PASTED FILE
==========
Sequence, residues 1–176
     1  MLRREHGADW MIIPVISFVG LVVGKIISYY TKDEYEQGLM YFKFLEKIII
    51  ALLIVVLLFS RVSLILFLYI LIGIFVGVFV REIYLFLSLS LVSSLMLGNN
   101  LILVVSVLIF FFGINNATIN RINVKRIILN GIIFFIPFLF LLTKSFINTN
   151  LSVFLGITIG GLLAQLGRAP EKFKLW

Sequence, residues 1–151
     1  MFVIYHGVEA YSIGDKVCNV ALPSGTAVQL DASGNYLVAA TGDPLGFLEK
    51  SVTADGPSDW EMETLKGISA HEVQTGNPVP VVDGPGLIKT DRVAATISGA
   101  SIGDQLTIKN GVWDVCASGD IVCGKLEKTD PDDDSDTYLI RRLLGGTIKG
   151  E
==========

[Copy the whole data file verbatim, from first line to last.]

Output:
Sequence, residues 1–176
     1  MLRREHGADW MIIPVISFVG LVVGKIISYY TKDEYEQGLM YFKFLEKIII
    51  ALLIVVLLFS RVSLILFLYI LIGIFVGVFV REIYLFLSLS LVSSLMLGNN
   101  LILVVSVLIF FFGINNATIN RINVKRIILN GIIFFIPFLF LLTKSFINTN
   151  LSVFLGITIG GLLAQLGRAP EKFKLW

Sequence, residues 1–151
     1  MFVIYHGVEA YSIGDKVCNV ALPSGTAVQL DASGNYLVAA TGDPLGFLEK
    51  SVTADGPSDW EMETLKGISA HEVQTGNPVP VVDGPGLIKT DRVAATISGA
   101  SIGDQLTIKN GVWDVCASGD IVCGKLEKTD PDDDSDTYLI RRLLGGTIKG
   151  E